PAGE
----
Yet and still, in the background there are more far-reaching legal implications. The limits on abortion are occurring nationally. Last month, Florida, West Virginia and Arizona advanced 15-week abortion limitations. They join Texas and 43 other districts with some sort of temporal disallowance overall; 16 states have tried to ban it outright before being struck down by the courts. Twenty-two states bar abortion between 13 and 24 weeks of pregnancy. 

“[Pro-life advocates] are also anticipating that the court will at the very least uphold a 15 week abortion ban,” explained principal policy associate Elizabeth Nash of Guttmacher Institute. “So for them this is a floor – this is sort of the bare minimum they are expecting.” 

Ultimately, the gradual moves may help chip away at the landmark, Roe v. Wade decision, and with it, a future where the government dictates your ability and decisions in being a parent. 

The connection between HB 450 and reproductive rights shows a lineage of legislation gradually chipping away at a woman’s right to choose. 

In 2006, then-Louisiana governor Kathleen Blanco signed a trigger, or an unenforceable, law called The Human Life Protection Act. In the legislation, the state takes a firm stance against abortion–wanting to do away with it alltogther. However, another stipulation must occur for the unenforceable law to become valid. For instance, Louisiana’s abortion prohibition can go into effect if “[a]ny decision of the United States Supreme Court which reverses, in whole or in part, Roe v. Wade,” among other things. 

According to Planned Parenthood’s National Access tool, the state along with about seventeen others still make it difficult to attain the procedure. Actually, it is likely they have likened abortion bans in their statutes. If Roe v. Wade were to be overturned, it is likely the blockades would be implemented.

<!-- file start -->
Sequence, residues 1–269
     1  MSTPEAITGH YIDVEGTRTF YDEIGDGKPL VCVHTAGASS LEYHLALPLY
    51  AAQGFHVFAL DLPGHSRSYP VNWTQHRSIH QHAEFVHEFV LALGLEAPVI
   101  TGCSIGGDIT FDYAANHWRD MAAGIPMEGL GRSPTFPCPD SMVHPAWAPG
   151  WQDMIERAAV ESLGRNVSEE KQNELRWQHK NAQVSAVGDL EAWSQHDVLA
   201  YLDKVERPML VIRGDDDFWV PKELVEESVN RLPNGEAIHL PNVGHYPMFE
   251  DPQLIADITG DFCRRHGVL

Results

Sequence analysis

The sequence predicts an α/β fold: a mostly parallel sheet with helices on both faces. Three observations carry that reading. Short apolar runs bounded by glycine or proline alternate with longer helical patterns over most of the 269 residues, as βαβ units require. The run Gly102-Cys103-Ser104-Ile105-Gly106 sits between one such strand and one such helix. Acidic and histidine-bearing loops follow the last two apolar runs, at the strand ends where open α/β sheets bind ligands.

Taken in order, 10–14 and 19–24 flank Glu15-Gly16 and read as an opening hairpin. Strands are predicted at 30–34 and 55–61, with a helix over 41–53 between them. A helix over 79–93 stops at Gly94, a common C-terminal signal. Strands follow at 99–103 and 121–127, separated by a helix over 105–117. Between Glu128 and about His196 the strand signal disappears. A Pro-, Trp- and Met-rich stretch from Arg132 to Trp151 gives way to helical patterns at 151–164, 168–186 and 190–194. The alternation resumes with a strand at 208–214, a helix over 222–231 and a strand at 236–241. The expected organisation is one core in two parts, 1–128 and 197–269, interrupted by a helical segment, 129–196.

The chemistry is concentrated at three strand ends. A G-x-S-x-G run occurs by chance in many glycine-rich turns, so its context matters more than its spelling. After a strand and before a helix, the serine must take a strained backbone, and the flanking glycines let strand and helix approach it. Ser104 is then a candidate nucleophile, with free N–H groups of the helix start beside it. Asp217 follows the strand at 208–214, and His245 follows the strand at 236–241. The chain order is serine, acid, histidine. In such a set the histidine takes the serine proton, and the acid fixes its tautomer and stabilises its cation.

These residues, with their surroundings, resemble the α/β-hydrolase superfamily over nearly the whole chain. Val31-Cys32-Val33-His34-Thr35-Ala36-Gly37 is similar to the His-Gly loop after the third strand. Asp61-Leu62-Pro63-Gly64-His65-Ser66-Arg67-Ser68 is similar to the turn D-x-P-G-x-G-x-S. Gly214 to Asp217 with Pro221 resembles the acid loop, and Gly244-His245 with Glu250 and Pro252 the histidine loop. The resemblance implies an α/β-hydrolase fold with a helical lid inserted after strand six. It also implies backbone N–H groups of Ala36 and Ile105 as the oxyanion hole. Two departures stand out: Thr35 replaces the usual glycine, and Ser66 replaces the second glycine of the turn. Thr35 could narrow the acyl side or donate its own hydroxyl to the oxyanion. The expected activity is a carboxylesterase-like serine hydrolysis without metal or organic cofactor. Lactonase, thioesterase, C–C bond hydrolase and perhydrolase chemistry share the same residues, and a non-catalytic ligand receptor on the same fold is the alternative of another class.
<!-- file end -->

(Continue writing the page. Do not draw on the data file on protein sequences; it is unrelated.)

That said, this is no real surprise as Louisiana has historically been pro-life. The Guttmacher Institute says the Bayou state has passed almost 90 abortion restrictions since the 1973 Roe vs. Wade decision, where the plaintiff argued that abortion restriction violated her right to privacy. Ironically, pro-life advocates now argue HB 450 violates the right to privacy for birth mothers. 

Moreover, the U.S. Supreme Court (SCOTUS) voted 5-4 against Louisiana’s additional requirements for service providers and patients receiving an abortion in the June Medical Services v. Russo 2020 case.

Originally, this stems from a September 2014 federal district lawsuit filed by five facilities that provide the medical procedure rallying to stop Louisiana House Bill 388 (HB 388) from its enactment that same month. HB 388 mandated abortion-performing doctors to have admitting privileges at a hospital within 30 miles of the clinic. Thus, placing an undue burden on providers to have additional requirements, and patients trying to receive the medical procedure. 

Ultimately, the SCOTUS’s 5-4 decision prevented the restriction from passing. Hence, saving the state’s three remaining clinics from closure.

Notwithstanding, the legal battle introduces interesting questions of whose rights take precedence. As we see from the continued limits on abortion, strangers are dictating whether the rights of the parent are seemingly taking a back seat to that of the child.

Yolanda Aguilera focuses on culture, policy, domestic, international relations, and the African and Latin Diasporas.